How serious the debates aught to be taken though is kind of a sliding scale. Someone shared the metaphor of a bullseye with me.

Birth, death, ressurection, and Christ's role as the savior of mankind's mortal souls is the dead center issue in the bullseye. If that issue is contestable to the person you are speaking with then you are not speaking with a Christian.
Debates between fellow Christians all fall somewhere in the bullseye on merit of importance. Immorality of homosexuality is close to the center, whereas what color your church building should be painted is way outside the bullseye as a non issue.

When debating among your brothers and sisters in Christ, it's important to remember where in the bullseye your discussion lies and behave accordingly, to be willing to let something slide if it's not a big issue.
I've heard many times from lifetime atheists, that it's not even the belief that Jesus could ressurect himself and be God in the flesh that holds them back from Christianity, but rather the fact that Christians argue amongst themselves about [sign in to see URL].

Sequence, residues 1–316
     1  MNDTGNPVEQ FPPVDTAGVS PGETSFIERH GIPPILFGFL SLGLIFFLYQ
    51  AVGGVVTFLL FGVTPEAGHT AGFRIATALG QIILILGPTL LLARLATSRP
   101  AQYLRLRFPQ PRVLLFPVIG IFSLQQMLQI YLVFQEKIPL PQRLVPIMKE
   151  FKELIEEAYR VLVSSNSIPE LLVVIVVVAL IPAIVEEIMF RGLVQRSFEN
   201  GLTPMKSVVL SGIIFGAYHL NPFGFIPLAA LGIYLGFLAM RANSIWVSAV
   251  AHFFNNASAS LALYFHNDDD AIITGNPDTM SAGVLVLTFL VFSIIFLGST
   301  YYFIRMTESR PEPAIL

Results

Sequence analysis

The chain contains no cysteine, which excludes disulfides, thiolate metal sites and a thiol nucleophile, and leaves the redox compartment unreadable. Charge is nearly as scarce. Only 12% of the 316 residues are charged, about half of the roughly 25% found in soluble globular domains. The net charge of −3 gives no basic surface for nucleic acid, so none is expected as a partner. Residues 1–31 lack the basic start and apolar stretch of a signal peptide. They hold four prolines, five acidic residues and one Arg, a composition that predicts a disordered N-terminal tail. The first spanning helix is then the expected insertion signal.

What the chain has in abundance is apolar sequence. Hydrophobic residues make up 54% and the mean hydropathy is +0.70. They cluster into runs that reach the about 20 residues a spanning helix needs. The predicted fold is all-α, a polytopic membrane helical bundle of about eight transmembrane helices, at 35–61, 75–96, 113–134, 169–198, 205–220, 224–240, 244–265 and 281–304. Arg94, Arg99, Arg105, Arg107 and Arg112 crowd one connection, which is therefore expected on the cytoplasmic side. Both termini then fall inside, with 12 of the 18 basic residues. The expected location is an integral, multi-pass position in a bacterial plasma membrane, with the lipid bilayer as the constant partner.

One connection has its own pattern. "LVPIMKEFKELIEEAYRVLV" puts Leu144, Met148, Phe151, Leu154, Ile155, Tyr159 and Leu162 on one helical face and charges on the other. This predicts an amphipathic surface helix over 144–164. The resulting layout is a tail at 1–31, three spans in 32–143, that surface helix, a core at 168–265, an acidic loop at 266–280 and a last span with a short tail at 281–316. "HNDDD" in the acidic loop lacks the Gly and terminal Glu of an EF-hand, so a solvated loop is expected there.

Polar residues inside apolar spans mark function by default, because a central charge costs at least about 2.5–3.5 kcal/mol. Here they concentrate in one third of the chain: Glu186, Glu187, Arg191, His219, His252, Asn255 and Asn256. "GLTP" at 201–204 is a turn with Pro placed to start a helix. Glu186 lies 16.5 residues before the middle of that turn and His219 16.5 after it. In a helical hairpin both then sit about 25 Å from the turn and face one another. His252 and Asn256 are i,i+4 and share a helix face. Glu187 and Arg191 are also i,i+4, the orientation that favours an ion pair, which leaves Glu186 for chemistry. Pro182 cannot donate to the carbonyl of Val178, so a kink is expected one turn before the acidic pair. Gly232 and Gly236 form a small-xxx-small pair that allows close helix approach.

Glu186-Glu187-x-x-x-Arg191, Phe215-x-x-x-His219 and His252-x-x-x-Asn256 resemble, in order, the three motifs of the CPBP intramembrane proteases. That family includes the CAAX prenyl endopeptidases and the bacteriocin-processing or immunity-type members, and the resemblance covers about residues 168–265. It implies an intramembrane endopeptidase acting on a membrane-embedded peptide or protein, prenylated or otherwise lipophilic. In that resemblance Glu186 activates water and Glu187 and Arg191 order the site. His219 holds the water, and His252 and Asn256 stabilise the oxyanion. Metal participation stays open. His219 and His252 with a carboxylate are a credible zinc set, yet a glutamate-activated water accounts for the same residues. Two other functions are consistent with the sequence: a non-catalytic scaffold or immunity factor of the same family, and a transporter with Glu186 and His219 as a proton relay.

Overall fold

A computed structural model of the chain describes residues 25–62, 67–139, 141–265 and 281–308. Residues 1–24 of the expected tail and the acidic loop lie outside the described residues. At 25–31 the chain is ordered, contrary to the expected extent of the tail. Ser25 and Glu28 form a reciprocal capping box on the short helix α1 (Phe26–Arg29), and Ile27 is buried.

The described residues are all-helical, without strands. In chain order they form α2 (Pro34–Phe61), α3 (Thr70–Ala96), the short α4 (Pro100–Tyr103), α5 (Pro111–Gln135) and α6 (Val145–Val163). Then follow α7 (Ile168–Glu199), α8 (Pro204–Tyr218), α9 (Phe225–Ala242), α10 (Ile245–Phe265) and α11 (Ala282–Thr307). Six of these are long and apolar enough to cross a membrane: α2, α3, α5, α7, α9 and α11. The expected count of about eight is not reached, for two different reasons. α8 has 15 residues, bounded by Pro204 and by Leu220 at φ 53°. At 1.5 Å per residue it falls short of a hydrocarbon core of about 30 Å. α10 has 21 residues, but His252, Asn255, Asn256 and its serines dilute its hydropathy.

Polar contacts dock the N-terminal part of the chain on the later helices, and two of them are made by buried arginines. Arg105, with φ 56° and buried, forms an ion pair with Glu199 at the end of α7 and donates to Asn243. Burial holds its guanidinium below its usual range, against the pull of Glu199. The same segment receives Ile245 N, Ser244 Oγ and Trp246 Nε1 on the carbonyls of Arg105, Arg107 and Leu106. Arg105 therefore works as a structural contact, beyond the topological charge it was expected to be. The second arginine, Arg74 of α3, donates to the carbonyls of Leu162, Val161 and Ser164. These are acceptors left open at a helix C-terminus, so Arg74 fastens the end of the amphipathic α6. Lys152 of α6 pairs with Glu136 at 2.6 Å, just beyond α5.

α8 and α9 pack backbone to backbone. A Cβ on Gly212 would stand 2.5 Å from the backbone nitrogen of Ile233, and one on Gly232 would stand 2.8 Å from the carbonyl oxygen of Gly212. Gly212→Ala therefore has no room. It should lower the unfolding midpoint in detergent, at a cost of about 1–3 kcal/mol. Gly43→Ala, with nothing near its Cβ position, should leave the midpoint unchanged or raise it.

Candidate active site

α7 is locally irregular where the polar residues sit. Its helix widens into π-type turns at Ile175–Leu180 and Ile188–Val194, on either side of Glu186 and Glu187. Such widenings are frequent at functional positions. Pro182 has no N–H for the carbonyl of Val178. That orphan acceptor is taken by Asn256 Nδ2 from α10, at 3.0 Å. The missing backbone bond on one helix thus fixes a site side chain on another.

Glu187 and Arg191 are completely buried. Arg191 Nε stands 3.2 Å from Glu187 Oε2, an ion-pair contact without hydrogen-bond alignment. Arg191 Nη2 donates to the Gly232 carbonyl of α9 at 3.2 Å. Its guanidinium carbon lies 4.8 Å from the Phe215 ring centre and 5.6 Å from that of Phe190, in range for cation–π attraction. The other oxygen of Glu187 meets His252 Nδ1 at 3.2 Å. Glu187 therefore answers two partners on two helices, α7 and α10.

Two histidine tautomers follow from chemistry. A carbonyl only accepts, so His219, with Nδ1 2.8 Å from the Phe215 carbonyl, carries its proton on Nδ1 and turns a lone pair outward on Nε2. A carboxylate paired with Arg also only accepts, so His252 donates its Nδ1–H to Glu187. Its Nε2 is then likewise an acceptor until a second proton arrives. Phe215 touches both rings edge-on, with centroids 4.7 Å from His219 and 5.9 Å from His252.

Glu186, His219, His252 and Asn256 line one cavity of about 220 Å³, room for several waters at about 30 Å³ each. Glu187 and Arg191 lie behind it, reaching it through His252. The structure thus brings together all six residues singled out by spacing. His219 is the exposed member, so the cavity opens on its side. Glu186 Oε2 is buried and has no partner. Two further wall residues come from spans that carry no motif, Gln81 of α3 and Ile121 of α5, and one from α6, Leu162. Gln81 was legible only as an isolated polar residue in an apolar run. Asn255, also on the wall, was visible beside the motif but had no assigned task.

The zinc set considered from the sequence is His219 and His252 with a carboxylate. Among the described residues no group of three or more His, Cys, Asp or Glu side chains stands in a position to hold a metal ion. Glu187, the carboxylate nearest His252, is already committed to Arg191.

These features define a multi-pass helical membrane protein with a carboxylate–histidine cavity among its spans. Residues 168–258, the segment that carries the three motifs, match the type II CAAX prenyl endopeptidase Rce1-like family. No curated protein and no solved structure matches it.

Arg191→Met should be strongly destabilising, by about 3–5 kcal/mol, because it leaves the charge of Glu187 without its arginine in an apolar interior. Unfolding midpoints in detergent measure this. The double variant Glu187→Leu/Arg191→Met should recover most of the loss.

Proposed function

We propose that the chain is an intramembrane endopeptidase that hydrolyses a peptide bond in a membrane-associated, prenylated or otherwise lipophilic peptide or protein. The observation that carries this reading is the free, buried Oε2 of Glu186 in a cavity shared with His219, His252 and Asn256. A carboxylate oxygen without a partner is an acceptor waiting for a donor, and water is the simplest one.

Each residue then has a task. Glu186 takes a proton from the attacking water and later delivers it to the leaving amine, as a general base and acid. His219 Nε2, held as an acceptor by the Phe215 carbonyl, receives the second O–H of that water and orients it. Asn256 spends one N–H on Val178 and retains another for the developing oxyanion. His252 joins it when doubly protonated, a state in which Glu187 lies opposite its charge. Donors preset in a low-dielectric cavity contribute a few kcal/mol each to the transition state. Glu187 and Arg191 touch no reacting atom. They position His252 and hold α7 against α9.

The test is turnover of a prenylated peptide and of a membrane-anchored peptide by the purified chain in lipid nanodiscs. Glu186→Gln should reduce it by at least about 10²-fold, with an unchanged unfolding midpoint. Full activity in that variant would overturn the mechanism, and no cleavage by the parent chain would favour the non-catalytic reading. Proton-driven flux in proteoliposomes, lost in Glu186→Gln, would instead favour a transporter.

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Re: Some Christian analogies of mine


Hello Oxhorn,

I read one of your topic, "Armenianism vs. Reformed Doctrine," and find your point to be true: God chooses his elects. I have a question, though: if God chooses His elect, does it mean that man does not have the freedom or a choice to accept or refuse God as their Lord and Savior? I believe that, though God chooses his elects, He also let people to decide for themselves to be with Him into their lifes or not.

Even though we appreciate all the things God has given to us, there is a chance that we can choose to leave Him in times of trials and tribulations. In parable of the sower and the seed (Mark 4:1-20 NIV), some seed went to the rocky soil,

     "where it did not have much soil. It sprang up quickly, because the soil was shallow. When the sun came up, the plants were scorched, and they withered because they had no root."

Jesus later explain to the disciples about the parable concerning the rocky soil:

"Others, like seed sown on rocky places, who hear the word and at once recieve it with joy. But since they have no root, they last only a short time. When trouble or persecution comes because of the word, they quickly fall away."

In the beginning, the people were joyous to recieve the word/Gospel, but when tribulation came, they choose to leave.